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Backpacker Magazine – October 2007

Trail Food: 3 Edible Nuts

You're lost, hungry, and starting to shiver: Time to play squirrel.

by: Steve Brill

Butternut, Alan L. Bauer
Butternut, Alan L. Bauer
Black Walnut, Michael P. Gadomski
Black Walnut, Michael P. Gadomski

With billions of nutritious nuts plunking to the ground every fall, a caloric cornucopia is all around you. Pith-helmeted New York naturalist "Wildman" Steve Brill favors these prolific varieties to save your life, or jazz up your salad.

Black Walnut
Season: Late September, October
Stomp on this little green tennis ball to expose the brittle, ridged interior shell—and avoid the staining liquid. The meat inside will add a rich, fruity flavor to trail mix, cereal, salad, and soup. Dark-barked walnut trees grow in the Midwest and East, in places like New York's Bear Mountain State Park. From the George Washington Bridge, take the Palisades Interstate Parkway 42 miles north to exit 19. Park at the inn, and follow the red-blazed Major Welch Trail 3 miles to the white-blazed Appalachian Trail near the Bear Mountain summit.

Butternut
Season: late August through September
About twice the size of a grape, the sticky, green, lemon-scented butternut husk tapers at both ends like a spindle. Butternut trees grow in hardwood and bottomland forests throughout the East and Southeast, and they produce crunchy, sweet nuts that taste like pecans. Find butternuts along the Euell Gibbons Nature Trail in West Virginia's North Bend State Park. From Parkersburg, drive 21 miles east on US 50 to WV 21, turn right to go 4 miles to Cairo, and follow signs to the park.

Hazelnut
Season: late August through September
This heart-shaped nut (also called a filbert) is produced by a smooth-barked shrub common to the eastern United States and southern Canada. Pick hazelnuts in early fall when the bristly green husks turn brown. Dry the shells and then crack them open to scoop out the oily meat inside. Find them in Virginia's George Washington National Forest along the 3.5-mile Chimney Hollow Trail. From Staunton, VA, head 15 miles north on US 250 to the trailhead just before the road forks at West Augusta.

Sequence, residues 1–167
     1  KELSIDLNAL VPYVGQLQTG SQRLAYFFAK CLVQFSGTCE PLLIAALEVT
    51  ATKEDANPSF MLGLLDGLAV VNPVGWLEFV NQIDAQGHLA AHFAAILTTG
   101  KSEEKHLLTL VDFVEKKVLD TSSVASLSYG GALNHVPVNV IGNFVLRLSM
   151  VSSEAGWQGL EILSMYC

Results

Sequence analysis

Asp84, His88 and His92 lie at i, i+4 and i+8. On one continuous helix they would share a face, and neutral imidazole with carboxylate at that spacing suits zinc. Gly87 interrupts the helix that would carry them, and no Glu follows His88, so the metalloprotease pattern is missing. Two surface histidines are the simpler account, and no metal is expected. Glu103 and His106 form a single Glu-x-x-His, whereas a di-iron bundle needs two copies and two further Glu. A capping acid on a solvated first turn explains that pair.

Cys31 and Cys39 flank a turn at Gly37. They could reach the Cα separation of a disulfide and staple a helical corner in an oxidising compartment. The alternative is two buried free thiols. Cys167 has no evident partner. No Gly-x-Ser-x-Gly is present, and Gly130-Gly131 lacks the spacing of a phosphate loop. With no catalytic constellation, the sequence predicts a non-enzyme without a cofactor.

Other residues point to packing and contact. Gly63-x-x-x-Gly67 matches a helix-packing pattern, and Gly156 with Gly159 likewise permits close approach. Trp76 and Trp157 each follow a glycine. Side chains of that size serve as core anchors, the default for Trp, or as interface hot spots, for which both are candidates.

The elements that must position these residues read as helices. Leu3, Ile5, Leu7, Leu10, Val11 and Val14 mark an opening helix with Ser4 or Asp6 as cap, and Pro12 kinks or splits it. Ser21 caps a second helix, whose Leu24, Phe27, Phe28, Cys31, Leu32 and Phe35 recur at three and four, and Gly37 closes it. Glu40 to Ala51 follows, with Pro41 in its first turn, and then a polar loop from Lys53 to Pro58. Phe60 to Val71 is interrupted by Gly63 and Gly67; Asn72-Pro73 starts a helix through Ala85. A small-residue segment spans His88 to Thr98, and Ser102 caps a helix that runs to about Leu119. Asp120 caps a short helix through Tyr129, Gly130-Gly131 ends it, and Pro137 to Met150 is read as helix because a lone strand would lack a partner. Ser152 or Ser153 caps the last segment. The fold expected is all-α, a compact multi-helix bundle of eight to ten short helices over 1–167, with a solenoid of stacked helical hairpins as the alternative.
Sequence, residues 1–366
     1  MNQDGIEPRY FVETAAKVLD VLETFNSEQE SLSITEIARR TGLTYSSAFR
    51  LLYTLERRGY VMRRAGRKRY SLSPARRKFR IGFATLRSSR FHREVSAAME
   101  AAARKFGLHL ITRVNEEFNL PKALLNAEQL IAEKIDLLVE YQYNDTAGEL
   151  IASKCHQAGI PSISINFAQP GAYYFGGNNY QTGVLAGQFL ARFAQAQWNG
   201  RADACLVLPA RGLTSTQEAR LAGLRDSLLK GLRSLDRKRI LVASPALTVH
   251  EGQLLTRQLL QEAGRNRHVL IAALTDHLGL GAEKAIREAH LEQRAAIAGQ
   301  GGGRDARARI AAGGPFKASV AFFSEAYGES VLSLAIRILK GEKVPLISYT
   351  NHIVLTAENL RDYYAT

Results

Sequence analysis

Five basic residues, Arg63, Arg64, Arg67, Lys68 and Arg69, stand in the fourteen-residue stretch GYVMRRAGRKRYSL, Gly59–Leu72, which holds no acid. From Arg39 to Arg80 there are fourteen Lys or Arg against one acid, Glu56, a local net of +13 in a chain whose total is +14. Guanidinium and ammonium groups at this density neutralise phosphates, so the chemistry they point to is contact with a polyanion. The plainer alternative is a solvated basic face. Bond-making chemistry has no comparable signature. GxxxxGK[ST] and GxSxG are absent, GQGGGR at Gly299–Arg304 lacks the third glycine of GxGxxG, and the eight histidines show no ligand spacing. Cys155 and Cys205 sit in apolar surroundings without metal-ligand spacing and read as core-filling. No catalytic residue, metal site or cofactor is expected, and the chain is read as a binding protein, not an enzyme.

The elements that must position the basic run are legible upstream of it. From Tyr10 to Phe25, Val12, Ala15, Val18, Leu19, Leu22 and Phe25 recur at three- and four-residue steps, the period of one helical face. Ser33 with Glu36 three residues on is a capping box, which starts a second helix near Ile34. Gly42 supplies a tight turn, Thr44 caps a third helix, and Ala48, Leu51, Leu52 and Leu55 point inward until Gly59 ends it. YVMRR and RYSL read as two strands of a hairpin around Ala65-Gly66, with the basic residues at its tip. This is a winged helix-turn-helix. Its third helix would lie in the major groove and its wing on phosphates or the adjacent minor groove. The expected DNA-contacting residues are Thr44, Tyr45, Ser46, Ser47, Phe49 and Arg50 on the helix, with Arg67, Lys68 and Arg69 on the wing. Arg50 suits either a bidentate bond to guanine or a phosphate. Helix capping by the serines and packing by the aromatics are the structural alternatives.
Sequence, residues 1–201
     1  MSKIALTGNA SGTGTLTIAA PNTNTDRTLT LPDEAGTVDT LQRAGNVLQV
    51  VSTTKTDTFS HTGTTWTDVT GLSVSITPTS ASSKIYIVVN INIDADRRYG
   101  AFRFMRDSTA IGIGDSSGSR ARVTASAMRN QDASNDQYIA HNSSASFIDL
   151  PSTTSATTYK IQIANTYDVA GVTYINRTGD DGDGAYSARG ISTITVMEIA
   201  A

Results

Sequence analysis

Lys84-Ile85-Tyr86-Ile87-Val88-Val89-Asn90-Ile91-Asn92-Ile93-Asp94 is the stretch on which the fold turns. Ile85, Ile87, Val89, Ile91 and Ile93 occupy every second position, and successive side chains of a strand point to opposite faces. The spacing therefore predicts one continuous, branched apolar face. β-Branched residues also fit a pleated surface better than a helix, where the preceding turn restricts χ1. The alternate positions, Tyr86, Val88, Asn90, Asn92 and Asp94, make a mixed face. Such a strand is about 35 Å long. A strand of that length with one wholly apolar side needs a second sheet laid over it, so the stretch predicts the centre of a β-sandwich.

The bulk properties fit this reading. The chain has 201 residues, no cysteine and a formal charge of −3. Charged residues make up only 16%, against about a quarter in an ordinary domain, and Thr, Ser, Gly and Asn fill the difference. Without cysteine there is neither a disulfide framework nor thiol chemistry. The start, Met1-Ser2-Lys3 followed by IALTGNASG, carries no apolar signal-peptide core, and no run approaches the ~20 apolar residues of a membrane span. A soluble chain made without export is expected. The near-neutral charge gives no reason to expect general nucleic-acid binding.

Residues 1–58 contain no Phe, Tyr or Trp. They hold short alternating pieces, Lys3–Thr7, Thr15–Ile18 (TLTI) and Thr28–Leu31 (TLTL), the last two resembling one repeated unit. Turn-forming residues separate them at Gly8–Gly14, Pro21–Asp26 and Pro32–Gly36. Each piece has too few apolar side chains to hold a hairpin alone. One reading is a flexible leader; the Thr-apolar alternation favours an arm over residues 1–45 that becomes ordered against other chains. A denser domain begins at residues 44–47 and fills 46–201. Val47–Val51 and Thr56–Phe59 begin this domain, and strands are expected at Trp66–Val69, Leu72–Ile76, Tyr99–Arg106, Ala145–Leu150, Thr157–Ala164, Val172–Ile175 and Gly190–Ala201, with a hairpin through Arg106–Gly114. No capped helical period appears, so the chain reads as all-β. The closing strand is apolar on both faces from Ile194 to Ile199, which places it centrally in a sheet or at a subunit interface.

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READERS COMMENTS

dcm
Sep 26, 2010

By the way, I agree with gypkap about the methods and uses. The most common recipes rely on the flavor of the walnut alone, such as black walnut ice cream, black walnut fudge made with a chocolate-free fudge base, or baked goods with no other strong flavors except black walnuts. Be forewarned, though, that the distinctive flavor of black walnuts doesn't always please every palate. For myself, I always find them a sweet, unique, rare and delightful treat.

Once cracked and shelled, if they are not to used in a few days, they should be refridgerated or frozen to avoid rancidity setting in. Even so, they do have limited self life thereafter. Rancid black walnuts are far nastier than any other rancid nut I have encountered. Taste a previously stored batch before using in recipes.

dcm
Sep 26, 2010

The abundance of black walnuts and other nuts not suitable for humans,and the not-at-all-endangered abundance the foraging animals thereof, make this a no-brainer for human hand-harvesting. I've yet to see a fall of black walnuts or hickory nuts that the squirrels hadn't already gone over (as evidenced by peeled and cracked hulls and nuts) and from which lots of good nuts remained. Around here, the squirrels usually get to the good stuff well before even the most watchful human does, be the goods walnuts, acorns, peaches, or any other seed, nut, or "stone" bearing fruit or plant. (This is usually to the dismay of many gardeners.) These arborial critters don't wait for the goodies to fall to the ground from high up, either. Moreover, many nut trees grow both near paths and deeper in forrested areas, and fallen nuts in deeper areas are usually hidden by leaves and other accumulated detrius. It would be a huge chore to thoroughly hand-harvest an area without a squirrel's nose to find them. Short of a large crowd of people going through a forest and turning over every leaf for nuts as if they were a CSI crew looking for the bullet to solve the crime of the century, the four-legged diners of the few humanly edible nut species are not going to be adversely affected.

maureen
Dec 19, 2008